ORPHAN BLACK Season 5: The Clone Mystery From A to Z

Little did we know that fateful day when Beth Childs (Tatiana Maslany) stepped in front of a train, relinquishing her life to her clone-sister Sarah Manning (Tatiana Maslany), how twisty and torrid a tale would be revealed.  ORPHAN BLACK is not  simple story of a clone stepping (literally and figuratively) into the shoes and life of another who looks exactly like her — it is a complex story of multiple clones (male and female) who were engineered as part of a government/corporate experiment that went disastrously wrong.  In and of itself, human cloning is a humanity-triggering dilemma.  What ORPHAN BLACK does best is put you into each of the clones’ shoes and lets you walk a mile in their lives to see why human cloning is so complicated morally, ethically, politically, and emotionally.  In the past five seasons, ORPHAN BLACK challenged viewers’ expectations and delivered one of the finest science fiction shows to grace the television screen.  Through the eyes of Sarah, Beth, Cosima, Alison, Helena, Rachel, M.K., Krystal, we saw the nuances behind each of their identities and chosen lives.  Each claimed their own fate and defied anyone that sought to control them as property and not individuals in their own right. That is not to say that it has been easy tracking the many layers of clones upon clones and the entangled stories of the factions (government or otherwise) that sought to control and possess them as manufactured-property. In an effort to untangle a bit of the verbiage and names used to identify the clones and their counter-parts, here is a quick cheat-sheet, from A to Z, of the various players and moving parts in ORPHAN BLACK:

A is for Alison. Alison Hendrix is one of the sister-clones to Sarah, Beth, Cosima, Helena, as well as the rest of the Leda clones, married to Donnie and mother of two adopted children: Gemma and Oscar.  Alison is the quintessential housewife living in suburbia, but who also has a side-business dealing drugs and who does not hesitate to obtain guns for her and her sister-clones’ own personal safety use.  (A is also for Art, who was Beth’s detective partner.  A is also for Angie, who is Art’s current detective partner.  A is also for Ainsley, a neighbor of Alison’s, who died by strangulation when her scarf was caught in a sink garbage disposal.)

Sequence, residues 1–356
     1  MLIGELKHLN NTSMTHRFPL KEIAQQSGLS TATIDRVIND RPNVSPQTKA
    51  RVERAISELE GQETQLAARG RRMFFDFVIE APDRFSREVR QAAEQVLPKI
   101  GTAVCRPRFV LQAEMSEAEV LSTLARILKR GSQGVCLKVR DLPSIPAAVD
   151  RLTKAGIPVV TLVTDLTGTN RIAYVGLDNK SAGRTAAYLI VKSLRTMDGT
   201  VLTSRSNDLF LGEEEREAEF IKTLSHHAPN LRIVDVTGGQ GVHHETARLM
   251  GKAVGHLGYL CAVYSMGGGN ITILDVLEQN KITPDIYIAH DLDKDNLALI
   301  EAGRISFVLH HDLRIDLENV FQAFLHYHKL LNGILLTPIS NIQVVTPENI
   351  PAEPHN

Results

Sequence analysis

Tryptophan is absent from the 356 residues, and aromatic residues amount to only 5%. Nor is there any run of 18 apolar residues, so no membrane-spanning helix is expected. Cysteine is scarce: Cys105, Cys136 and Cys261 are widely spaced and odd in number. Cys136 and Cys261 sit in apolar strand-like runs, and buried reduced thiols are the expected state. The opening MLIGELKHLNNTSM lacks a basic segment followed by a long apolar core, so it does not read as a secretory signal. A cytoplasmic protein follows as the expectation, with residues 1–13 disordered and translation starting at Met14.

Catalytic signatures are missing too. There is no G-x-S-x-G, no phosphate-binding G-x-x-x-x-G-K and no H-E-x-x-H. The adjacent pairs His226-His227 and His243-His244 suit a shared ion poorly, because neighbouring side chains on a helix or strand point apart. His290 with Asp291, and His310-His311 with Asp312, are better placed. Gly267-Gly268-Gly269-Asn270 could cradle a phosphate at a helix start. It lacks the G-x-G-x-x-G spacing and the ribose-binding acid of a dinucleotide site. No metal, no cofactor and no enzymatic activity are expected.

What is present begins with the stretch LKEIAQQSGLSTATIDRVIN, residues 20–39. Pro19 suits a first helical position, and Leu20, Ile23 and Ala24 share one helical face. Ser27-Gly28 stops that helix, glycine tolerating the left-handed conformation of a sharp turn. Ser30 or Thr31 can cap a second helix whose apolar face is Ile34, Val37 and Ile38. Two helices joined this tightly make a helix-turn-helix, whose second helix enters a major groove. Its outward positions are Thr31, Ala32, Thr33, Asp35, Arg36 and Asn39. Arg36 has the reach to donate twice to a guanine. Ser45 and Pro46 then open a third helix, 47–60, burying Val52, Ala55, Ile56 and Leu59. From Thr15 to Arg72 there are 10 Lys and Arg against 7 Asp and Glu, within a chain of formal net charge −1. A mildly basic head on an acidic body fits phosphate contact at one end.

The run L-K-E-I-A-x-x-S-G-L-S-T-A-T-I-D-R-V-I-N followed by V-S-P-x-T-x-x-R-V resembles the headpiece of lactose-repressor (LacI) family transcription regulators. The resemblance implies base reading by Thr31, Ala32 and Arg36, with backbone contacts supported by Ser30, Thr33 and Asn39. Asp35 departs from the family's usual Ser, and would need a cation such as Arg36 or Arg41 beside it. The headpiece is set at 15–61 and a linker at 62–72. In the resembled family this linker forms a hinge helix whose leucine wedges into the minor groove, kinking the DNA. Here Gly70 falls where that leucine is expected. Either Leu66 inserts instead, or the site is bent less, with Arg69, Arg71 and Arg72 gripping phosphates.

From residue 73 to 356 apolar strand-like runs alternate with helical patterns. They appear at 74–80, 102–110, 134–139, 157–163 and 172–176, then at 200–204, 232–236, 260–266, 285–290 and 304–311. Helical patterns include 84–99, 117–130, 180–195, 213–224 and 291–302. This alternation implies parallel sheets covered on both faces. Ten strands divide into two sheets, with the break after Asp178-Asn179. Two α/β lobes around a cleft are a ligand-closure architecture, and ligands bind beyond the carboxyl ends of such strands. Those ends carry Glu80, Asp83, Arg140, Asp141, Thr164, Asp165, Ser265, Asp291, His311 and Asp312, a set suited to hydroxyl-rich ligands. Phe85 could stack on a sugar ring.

B is for Beth. Beth is one of the sister-clones, who died when she stepped in front of a train in the first episode.  Beth was Art’s former detective partner.  Sarah briefly impersonated Beth in Season 1 to get information from the police and to figure out what was going on as she discovered the clone secret, initiating her quest to discover of the Leda clones’ origin.  It also led to Sarah getting involved with Paul, Beth’s boyfriend, who was also spying on Beth (then Sarah) on behalf of the government. (B is for Brightborn, which is the company that seeks the Leda clones’ DNA in order to genetically-engineer children.)

C is for Cosima.  Cosima is another of the sister-clones.  Cosima is a scientist who is working furiously to find a cure for an illness that is killing off the clones.  Cosima is also the lover of Delfine, another scientist who is helping her, but who was also recruited to initially spy on Cosima.  (C is for clones. C is also for Cal, who is Kira’s biological father and Sarah’s lover.  Then C is also for Project Castor. Project Castor was the male-counter part to the Leda clones.  Project Castor was run by a black ops division of the government to develop male clones.)

D is for Delphine.  Delphine is Cosima’s lover and a fellow scientist who becomes embroiled in the dualing interests of Dyad, the Proletheans, and the government, all which seek to control and possess the genetic code of the Leda clones.  (D is also for doppelgänger as the Leda clones look identical and the Castor clones also look exactly alike. D is for the Dyad Institute, which claims to have a patent-interest in the Leda clones.  Dyad is a subsidiary of Topside.  D is also for Donnie, who is Alison’s well-meaning husband and who not only comes to her rescue, he also helps all the other clones when he can.)